Elk Records


Available now

The Willows have slowly evolved into what some might resort to calling, to coin a tired old phrase that gets rolled out at opportune moments,  a folk supergroup. What it really means is they’re a great little band packed with quality musicians who make a joyous noise together. They do exactly that on Through The Wild.

It seems to have been quite an inspirational move in adding Evan Carson and Kat Gilmore to the Willows core of Jade Rhiannon, Ben Savage and Cliff Ward. If we were playing fantasy football for folk, The Willows would be quite some team in the worth of their valuable players. And then there’s John Parker giving some depth to the bottom end and the potential for some serious folk rocky Americana begins to get  realised.

On this new set of mainly original songs together with several references to their local home ground, Coda and Better Days reintroduce the new Willows for the first time since 2014’s Sean Lakeman produced Amidst Fiery Skies. It’s a pairing  that highlights  the two sides of The Willows. The former finds cylinders  being fully  fired on all fronts, the latter a gorgeously played  and gently arranged treatise with some outstanding hooks on  the lyrical ‘light at the end of the tunnel’ direction.

Perfect Crime comes from the true story of identity stealing WW1 soldier Percy Cox and shifts into the Ernest Durham tune; a prime example of how Kat Gilmore frequently  takes her fiddle from ebbing and flowing through the arrangements into a bluesy Seth Lakeman-esque direction. Maybe she’ll be receiving the post match bottle of champers from Captain Cliff at the end of a man of the match performance?

Fresh from loan periods offering his musical skills in various directions, Ben Savage switches from his usual acoustic to electric guitar to add to the galloping rhythm of  Pearl Hart,  the tale of a notorious 19th Century Highwaywoman, that also ensures a  gender balance in highway robbery, although keen students of the noble art of standing and delivering will also point out Moll Cutpurse as a high ranking exponent of the art.  The sensitivity of Out Of Our Hands shows the band’s more delicate side and weaved throughout is the thread of Jade Rhiannon’s impassioned vocal  plus the chance to appreciate that there are enough in The Willows to contribute vocal washes to subtly  enrich  the delivery. It’s a side that  resurfaces on False Light whose dreamy ambience is enhanced by a widescreen production.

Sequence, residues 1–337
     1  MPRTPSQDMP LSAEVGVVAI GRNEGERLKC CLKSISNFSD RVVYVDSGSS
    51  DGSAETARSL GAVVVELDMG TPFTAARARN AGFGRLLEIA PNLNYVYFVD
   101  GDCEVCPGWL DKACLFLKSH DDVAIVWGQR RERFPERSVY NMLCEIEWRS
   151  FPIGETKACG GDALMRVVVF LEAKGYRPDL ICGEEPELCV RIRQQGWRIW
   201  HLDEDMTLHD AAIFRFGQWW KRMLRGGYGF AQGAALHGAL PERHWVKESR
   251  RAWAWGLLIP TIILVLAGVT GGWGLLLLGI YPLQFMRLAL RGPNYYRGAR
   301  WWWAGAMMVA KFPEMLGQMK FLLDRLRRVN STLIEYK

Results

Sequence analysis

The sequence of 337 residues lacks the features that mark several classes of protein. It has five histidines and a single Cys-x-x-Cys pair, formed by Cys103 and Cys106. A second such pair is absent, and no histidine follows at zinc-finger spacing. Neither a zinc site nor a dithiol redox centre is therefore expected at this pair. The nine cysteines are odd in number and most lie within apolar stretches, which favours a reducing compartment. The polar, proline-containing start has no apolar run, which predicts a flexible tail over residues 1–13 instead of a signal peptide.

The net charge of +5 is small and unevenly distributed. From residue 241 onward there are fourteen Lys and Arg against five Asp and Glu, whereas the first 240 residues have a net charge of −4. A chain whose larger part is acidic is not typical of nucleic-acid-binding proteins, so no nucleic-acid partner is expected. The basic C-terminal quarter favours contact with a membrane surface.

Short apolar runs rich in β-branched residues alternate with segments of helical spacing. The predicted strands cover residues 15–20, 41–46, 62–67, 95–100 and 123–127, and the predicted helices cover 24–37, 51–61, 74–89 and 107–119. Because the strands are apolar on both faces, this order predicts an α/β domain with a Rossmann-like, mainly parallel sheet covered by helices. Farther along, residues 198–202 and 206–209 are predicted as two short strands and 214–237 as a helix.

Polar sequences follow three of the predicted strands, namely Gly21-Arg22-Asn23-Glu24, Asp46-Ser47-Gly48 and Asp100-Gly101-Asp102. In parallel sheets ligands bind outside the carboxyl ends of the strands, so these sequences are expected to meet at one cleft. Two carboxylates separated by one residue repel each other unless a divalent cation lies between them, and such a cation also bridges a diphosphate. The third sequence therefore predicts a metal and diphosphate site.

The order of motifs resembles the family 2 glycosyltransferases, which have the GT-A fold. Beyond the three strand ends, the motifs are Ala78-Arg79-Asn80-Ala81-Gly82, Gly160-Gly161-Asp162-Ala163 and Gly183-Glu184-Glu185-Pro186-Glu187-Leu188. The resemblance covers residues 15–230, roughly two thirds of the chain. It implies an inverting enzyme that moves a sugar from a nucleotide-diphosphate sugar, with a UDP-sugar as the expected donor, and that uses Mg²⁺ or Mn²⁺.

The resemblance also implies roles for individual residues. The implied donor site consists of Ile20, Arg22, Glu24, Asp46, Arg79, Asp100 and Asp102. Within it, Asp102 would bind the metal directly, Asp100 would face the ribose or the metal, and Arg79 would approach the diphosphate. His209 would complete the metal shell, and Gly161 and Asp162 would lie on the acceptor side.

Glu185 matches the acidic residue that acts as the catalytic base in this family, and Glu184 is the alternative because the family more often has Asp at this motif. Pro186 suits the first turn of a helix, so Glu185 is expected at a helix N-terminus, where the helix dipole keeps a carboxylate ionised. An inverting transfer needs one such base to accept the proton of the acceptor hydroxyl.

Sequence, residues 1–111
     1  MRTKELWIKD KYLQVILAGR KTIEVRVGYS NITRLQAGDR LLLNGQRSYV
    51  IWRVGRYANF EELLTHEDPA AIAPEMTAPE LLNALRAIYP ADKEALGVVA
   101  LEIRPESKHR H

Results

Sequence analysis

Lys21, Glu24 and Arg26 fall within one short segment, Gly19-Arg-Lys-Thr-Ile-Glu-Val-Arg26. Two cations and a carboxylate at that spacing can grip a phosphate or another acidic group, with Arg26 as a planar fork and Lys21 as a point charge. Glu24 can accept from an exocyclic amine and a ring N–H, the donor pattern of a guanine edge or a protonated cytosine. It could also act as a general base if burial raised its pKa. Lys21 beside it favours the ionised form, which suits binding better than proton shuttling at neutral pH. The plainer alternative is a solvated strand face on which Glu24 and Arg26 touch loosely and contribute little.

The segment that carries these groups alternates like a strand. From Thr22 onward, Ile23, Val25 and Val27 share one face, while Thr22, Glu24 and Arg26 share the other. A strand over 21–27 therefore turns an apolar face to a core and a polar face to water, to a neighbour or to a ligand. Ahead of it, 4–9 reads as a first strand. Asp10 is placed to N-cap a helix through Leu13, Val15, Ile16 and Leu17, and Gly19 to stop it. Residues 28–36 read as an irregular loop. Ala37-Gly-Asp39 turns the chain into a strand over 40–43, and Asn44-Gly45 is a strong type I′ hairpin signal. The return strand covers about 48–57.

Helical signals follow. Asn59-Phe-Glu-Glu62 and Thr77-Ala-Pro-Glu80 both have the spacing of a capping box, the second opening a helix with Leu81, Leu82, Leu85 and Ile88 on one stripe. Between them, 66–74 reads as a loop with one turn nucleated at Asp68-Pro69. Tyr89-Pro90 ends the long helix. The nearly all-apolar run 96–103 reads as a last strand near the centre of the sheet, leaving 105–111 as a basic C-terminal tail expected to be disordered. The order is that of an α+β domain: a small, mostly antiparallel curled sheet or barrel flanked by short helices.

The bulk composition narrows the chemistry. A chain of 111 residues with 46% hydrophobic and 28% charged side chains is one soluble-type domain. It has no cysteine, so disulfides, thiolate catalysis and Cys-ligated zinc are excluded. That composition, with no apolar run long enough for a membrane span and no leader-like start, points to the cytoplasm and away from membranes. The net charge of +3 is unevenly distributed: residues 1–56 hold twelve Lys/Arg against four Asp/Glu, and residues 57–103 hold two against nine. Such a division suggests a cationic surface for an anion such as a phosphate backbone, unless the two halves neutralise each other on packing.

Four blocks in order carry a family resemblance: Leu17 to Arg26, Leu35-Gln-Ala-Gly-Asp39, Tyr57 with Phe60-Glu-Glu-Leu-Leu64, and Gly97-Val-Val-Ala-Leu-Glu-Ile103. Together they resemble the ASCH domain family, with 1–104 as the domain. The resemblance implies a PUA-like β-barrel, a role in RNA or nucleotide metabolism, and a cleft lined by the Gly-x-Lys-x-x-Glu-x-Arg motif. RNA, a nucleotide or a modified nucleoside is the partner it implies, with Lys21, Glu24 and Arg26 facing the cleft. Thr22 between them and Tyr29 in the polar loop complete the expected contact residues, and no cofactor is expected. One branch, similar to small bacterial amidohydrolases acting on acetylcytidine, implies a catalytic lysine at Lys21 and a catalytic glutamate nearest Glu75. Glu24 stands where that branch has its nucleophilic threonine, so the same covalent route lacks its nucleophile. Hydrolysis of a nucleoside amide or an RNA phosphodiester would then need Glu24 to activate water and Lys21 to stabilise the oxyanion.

Ultimately, Through The Wild confirms the strength of the band as a unit, not only in their interaction that’s clearly evident in the performance,  but also writing together which is a major step on the album. Greater even than the sum of its talented and multifaceted parts.

Watch the video for False Light from the album here:


The Willows website is here 

They also have social media presence on Twitter and  Facebook


All words by Mike Ainscoe. You can find more of Mike’s writing on Louder Than War at his author’s archive. He can be found on Facebook and is currently revamping his website…




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Mike has been contributing to Louder Than War since 2012, rising through the ranks from contributor to Sub Editor and now Reviews Editor. He brings his eclectic taste to the table with views on live shows (including photography) and album reviews, features and interviews from rock to metal to acoustic and folk.


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